I slept miserably last night. I seem to have mostly gotten rid of my demons during the day, so they come to haunt me at night when my guard is down. While I'm asleep, I worry about silly things that I have no control over and my mind won't let them go. A hiker I talked to last year on the CDT told me it took him 1000 miles to really let go of stuff and my son quoted some Buddhist teacher as talking about having to practice something 1000 times to get it right. Oh well, perhaps instead of dwelling on my failure "to let go" I should visualize myself as being half way there.
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Colorado Trail Memorial Yurt
It rained and the wind whipped at the yurt all night long, I was glad that Mr. Cody and I were inside and out of the wet. At five a.m. when I usually get up it was still raining and miserable so I decided to sleep for another hour. It was after 7 before we got on the trail.
After that things got better immediately, the sky still threatened but the sun came out a little and things continued to brighten as the day wore on. But the best part was the incredible scenery, again. I went over or close to 13,000 feet five or six times today--I am exhausted but it was worth it. Everywhere I looked was like an incredible original landscape painting in 3 D. The camera couldn't begin to capture the glory of the vistas. Every time I walked over a ridge, saddle or pass a new valley would open up below in those glorious colors that come when the sun manages to peak through leaden skies. Predictably, in the afternoon, the storm clouds gathered again, but they were behind me, chasing me the rest of the day. Other people hear music when they walk, I hear snatches of old poems that I haven't read in years. Today, as I moved ahead of this impending storm, it was Francis Thompson's " the Hound of Heaven":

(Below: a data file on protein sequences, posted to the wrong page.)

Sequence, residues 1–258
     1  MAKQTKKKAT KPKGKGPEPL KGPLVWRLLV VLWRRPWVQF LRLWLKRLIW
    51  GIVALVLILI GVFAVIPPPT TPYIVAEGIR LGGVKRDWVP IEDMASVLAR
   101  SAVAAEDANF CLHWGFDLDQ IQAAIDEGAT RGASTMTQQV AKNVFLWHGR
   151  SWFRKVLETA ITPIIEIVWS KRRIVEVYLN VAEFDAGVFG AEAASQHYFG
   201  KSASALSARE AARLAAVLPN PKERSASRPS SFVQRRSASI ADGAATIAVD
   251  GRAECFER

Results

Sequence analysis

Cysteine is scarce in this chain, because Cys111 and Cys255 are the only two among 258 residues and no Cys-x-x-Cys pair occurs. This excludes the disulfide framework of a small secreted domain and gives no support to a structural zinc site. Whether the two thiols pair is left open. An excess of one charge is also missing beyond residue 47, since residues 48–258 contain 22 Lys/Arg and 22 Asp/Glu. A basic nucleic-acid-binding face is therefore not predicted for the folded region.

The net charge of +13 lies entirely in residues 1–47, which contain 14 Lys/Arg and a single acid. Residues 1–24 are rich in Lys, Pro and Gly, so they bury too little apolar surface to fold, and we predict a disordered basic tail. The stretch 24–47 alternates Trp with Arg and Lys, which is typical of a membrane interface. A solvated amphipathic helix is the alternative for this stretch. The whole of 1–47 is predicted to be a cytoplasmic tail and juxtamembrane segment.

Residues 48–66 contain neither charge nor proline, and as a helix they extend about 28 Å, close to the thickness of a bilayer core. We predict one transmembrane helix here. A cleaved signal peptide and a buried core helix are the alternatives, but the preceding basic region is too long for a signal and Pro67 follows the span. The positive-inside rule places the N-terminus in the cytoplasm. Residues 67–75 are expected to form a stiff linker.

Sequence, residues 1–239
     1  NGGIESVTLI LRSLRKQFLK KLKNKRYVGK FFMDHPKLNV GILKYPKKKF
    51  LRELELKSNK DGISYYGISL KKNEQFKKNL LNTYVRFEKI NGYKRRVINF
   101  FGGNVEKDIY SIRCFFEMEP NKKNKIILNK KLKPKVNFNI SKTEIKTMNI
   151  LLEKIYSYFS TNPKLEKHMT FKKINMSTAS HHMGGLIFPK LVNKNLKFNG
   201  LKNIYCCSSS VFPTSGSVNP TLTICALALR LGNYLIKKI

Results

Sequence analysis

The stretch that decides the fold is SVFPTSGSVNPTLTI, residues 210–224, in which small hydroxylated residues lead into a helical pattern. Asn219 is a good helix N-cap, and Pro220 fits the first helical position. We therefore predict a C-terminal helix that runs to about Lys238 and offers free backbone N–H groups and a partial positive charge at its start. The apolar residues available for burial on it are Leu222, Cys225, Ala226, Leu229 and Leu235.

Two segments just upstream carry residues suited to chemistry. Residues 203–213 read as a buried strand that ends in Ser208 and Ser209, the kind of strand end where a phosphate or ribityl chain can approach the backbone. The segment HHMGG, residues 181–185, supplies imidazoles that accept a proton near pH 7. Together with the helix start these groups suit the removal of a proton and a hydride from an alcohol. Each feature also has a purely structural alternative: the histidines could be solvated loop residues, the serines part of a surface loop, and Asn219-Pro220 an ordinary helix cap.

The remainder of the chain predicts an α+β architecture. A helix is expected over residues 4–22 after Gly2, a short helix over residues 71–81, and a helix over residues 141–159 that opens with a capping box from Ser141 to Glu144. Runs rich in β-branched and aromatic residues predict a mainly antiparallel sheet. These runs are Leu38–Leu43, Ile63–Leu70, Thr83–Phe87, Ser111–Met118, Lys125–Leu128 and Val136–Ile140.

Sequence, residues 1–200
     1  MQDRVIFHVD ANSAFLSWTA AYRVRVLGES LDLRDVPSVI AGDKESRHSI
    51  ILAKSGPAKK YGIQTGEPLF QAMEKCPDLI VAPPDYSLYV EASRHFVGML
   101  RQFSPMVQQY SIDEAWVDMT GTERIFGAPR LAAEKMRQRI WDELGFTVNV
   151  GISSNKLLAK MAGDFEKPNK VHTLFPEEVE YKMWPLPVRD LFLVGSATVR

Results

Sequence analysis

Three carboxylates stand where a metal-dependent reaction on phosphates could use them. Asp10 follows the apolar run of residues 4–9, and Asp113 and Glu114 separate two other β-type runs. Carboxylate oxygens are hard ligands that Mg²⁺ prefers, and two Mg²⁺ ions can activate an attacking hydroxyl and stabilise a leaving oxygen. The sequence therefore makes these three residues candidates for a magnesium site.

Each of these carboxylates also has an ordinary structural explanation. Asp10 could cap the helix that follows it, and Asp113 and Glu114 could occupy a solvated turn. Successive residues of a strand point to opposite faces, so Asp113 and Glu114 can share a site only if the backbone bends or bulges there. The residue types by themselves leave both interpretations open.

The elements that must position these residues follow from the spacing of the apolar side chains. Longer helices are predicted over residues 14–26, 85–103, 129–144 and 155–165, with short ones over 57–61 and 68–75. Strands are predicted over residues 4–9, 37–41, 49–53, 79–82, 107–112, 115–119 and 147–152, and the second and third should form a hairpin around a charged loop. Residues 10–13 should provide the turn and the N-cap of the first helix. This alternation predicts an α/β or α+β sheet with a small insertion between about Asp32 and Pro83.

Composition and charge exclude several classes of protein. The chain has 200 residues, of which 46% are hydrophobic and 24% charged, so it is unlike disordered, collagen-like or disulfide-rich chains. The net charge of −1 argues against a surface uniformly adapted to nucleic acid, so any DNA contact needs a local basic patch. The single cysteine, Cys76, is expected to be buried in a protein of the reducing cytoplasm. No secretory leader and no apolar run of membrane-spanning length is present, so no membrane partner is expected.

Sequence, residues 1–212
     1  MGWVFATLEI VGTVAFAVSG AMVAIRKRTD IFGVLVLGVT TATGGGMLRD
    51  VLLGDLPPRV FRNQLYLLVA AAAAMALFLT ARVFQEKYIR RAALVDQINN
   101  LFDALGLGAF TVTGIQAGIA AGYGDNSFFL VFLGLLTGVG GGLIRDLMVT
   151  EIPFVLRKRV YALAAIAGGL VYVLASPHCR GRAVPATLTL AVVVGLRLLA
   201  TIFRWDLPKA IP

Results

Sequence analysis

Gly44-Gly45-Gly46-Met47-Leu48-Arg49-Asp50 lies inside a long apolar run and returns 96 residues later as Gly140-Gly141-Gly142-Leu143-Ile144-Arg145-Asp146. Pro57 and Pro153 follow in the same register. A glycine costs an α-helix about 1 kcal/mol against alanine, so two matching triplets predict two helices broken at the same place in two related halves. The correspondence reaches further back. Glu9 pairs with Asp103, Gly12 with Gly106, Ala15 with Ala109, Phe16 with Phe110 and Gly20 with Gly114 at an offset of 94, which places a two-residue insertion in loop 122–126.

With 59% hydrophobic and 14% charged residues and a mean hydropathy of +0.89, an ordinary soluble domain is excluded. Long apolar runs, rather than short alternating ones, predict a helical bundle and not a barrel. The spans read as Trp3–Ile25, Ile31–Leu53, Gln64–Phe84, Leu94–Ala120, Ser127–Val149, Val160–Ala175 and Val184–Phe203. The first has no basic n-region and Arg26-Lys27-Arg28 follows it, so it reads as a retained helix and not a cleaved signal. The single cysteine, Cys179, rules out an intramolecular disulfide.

"I fled Him, down the nights and down the days;
I fled Him, down the arches of the years;
I fled Him down the labyrinthine ways
Of in my own mind, and in the mist of tears
I hid from him, and under running laughter.
Up vistaed hopes I sped;
And shot, precipitated,
Adown Titanic glooms of chasmed fears
From those strong Feet that followed, followed after."
A little out of context but it captures the feeling of inevitably I felt for the storm.
I kept praying the rain would hold off long enough to get the tent up and it did. As I sit here writing, I am listening to thunder pounding in the distance and the rain has started its own symphony on the tent. I pray we stay dry tonight. I've been doing a lot of praying lately!
About the mountains: with all the rain, the grass, tufty and alpine like, is a bright luminescent green. It shines when the occasional ray of sun hits it. Up the sides of mountains this grass grows to the very summit--there are dark patches of willow to add contrast and the occasional small and scattered trees. The big trees seem to be confined to the valleys far below.
Imagine walking through a field at more than 12,000 feet with views in every direction, any one of which would qualify as a place in heaven. That was my day. Bloody hard work pulling myself up those mountains and it doesn't seem to get any easier. Mr.Cody, the old codger, gets fed up with my slowness. Usually happy to trail me, he gets impatient with my slowness on the up part so I have taken to inviting him to lead. He immediately trots ahead of me with an attitude like "what's up with you old woman?"
In my last resupply box I had some salt tablets and I find that helps a lot with my energy level. Judging by the way my pants keep falling down, I may not be eating enough either.
I was thinking about Kerry today (well, I do all the time!). Specifically, I was thinking about cocktail hour and those wonderful martinis he makes, I fantasized about how nice it would be to have one.
I see tomorrow, in addition to 4,000 feet up, I will go 5,000 feet down--another hard day. That is if I don't drown in the rain tonight!